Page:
But some area artists are not very happy about the changes.
Those changes mean that Toll Bros. can build less housing for artists, as well as destroy two historic warehouses and a cobblestone street, although Toll Bros. plans to keep the cobblestones for a future plaza.
But Toll Brothers also plans to build a 550-seat theater and gallery in addition to the towers.
The three towers are expected to be 30, 35, and 40 stories high, totaling 950 units. Toll Brothers hopes to also demolish most of the former Manischewitz plant on Marin Boulevard and Bay Street, except for the façade.Other implications
The entire project is currently named Provost Square. It will have a 24,000-square-foot plaza on what is currently Provost Street that would also take away one of the city's last remaining cobblestone streets.
Toll Bros. is now allowed to market 10 percent of housing to working families, instead of artists, for the first 180 days after the units are built.
There is one more hurdle to clear before these changes are approved. The plan needs a go-ahead from the City Council. But if the vote by the Planning Board is any indication, the council is likely to approve the amendments. Not part of it
What also helped was the testimony of Robert Cotter, director of the city's Planning Department, who spoke in positive terms of the Toll Bros. Plan. He also said he believes the area to be developed is not actually in the Powerhouse Arts District (PAD), which has specific zoning.
The Powerhouse Arts District (PAD) in Downtown Jersey City is an 11-block area that stretches east to west from Marin Boulevard to Washington Boulevard, and from north to south from Second Street to Bay Street.
In 2004, the district was officially designated for redevelopment by the city, and is supposed to include 10 percent affordable housing, particularly for artists.
The district's crown jewel is its namesake - the old Hudson and Manhattan Powerhouse building on Washington Blvd., which once provided electricity for the massive Hudson Manhattan railroad (the precursor to the PATH system). City officials have considered turning it into a shopping and entertainment complex, as was done with the old Baltimore Power Station on Baltimore's inner harbor.
The district is full of majestic warehouse structures that once served as homes to suppliers and manufacturers such as the Great Atlantic & Pacific Tea Company (A&P). Residents very concerned
Cotter said at the meeting that the Toll Bros. project will bring more people into the area and help create a vital theater and arts district.
The meeting was the continuation of a Nov. 27 Planning Board meeting, where over five hours of public testimony was given by advocates and critics of the Toll Bros. project.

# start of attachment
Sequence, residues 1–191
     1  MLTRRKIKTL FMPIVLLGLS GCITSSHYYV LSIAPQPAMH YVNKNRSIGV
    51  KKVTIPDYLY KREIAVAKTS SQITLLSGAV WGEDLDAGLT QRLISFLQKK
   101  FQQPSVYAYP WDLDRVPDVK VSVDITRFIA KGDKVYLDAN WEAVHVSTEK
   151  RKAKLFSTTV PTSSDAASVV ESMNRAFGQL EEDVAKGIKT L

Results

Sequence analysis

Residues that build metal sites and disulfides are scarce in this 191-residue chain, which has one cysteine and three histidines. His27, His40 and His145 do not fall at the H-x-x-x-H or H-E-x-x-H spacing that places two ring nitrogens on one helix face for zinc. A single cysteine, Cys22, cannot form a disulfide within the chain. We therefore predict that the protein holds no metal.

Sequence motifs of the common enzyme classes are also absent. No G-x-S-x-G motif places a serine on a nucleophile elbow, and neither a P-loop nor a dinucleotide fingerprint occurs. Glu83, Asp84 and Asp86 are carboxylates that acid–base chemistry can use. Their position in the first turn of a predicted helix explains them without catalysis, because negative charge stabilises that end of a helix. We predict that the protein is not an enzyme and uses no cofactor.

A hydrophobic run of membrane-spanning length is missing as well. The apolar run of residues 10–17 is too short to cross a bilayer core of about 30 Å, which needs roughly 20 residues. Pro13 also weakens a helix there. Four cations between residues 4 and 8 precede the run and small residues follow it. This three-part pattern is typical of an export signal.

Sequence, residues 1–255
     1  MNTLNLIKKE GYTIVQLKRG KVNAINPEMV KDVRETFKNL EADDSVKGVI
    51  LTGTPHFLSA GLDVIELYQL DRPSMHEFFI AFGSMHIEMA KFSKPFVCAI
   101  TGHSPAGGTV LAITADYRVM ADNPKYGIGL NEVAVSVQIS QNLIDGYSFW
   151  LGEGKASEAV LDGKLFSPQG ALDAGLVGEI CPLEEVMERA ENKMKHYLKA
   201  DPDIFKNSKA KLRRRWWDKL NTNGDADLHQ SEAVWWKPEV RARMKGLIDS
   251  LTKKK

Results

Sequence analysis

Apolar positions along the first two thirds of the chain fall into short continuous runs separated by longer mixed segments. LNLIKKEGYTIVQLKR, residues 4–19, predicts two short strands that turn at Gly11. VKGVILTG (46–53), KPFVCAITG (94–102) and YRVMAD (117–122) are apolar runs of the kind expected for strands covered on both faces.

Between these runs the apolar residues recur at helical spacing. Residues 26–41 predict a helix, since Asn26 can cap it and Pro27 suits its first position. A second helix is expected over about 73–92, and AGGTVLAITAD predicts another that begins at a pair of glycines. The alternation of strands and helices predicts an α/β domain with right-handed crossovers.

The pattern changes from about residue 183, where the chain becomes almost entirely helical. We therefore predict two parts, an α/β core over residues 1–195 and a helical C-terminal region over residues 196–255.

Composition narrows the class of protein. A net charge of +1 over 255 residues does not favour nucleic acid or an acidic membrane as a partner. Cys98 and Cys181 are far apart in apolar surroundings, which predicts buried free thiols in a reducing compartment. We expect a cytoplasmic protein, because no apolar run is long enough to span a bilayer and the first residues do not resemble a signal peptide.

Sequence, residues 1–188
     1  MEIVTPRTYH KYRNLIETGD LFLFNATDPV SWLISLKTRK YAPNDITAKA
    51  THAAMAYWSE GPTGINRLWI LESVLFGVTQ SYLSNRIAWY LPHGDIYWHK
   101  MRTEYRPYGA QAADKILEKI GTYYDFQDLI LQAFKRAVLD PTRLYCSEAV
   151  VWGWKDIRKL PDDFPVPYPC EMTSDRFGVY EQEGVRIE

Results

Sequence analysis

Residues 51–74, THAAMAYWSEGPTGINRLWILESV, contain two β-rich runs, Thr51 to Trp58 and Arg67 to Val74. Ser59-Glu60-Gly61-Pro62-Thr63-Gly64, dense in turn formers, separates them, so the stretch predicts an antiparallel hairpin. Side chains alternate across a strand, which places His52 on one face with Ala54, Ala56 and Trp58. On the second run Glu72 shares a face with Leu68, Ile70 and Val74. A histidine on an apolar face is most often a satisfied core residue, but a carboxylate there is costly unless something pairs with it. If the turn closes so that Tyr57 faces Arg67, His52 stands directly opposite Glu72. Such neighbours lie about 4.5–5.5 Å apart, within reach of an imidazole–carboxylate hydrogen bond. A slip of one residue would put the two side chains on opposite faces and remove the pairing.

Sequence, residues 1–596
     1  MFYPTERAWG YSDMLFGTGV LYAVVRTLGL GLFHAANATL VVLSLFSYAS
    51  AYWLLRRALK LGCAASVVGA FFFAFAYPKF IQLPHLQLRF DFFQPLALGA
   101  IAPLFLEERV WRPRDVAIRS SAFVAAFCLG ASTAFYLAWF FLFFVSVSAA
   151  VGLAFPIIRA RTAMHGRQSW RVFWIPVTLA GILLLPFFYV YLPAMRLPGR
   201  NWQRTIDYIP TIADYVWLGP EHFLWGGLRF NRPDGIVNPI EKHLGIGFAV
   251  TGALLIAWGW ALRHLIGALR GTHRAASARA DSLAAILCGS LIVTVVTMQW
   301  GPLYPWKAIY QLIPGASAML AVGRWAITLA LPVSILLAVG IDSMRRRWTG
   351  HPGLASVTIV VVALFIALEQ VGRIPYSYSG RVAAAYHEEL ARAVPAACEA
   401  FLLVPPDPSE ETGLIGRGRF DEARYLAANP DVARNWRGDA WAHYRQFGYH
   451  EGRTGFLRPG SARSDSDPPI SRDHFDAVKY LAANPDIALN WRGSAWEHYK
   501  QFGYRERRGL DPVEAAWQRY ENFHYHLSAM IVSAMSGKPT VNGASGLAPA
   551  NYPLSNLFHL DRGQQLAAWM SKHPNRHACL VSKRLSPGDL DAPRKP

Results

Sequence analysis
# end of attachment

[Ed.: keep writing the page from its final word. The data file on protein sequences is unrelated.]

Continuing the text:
Wednesday's meeting was just to hear Planning Department staff give their assessment of the amendments being considered, before a vote.
Residents of the PAD, who are part of the Powerhouse Arts District Neighborhood Association (PADNA) have gone before city officials since they formed in 2006. They have tried to make sure the district is developed according its redevelopment plan. This means following guidelines for height and mass, conversion of the warehouses, 10 percent affordable housing (particularly for artists), and 1 percent construction costs dedicated to the arts.
PADNA have been concerned about high-rise development encroaching upon their district.
They were first perturbed by the 550-feet tower planned for 111 First St., a building that used to contain working artists. That building was located in the PAD until 2006, when it was placed in its own special zone in order to settle legal matters between the developer, New Gold Equities, and the city.
Now, PADNA finds itself on the losing end of another development battle.
Jill Edelman, current president of PADNA, commented last week on the Planning Board decision.
"Everyone needs to keep this in mind," she said. "What Toll Bros. was seeking was a doubling of density. And a doubling of density is a doubling of profits. For the commissioners to grant them this approval is to grant them a large financial gift." Several artists' districts foundered
At the Planning Board meeting, Cotter described the history of the Powerhouse Arts District from its origins in the 1990s. At that time, longtime arts advocate and resident Charles Kessler and local historian Rick James came to him with the idea of an arts district.
Both Kessler and James were in the audience on Wednesday, and both could only look on in disappointment.
Cotter then described how over the next 10 years, the city's master plan was changed to make way for the WALDO (Work and Live District Overlay), a precursor for the Powerhouse Arts District, which would attract more artists to an area already being settled by those engaged with the arts by requiring all those settling in the WALDO to be artists.
That district was short-lived due to resistance by property owners.
This controversy led to the Powerhouse Arts District, which would allow for a mix of artists and non-artists.
But now, Toll does not have to deal entirely with that zoning either. Cotter said that a part of Toll Bros.' project is actually outside of the district, specifically the Manischewitz site.
Cotter said the block of the Manischewitz site is not included in the PAD, but instead is in a larger "land-use district" that only includes Newport and Exchange Place "This block is actually planned to be similar in densities and intensities as the Newport area and Colgate Exchange area where the 800-foot Goldman Sachs building sits," Cotter said. "This was a bit of a surprise to me when I saw it."
Cotter later praised the Toll Bros. plan, and soon, members of the Planning Board agreed. Ricardo Kaulessar can be reached at firstname.lastname@example.org.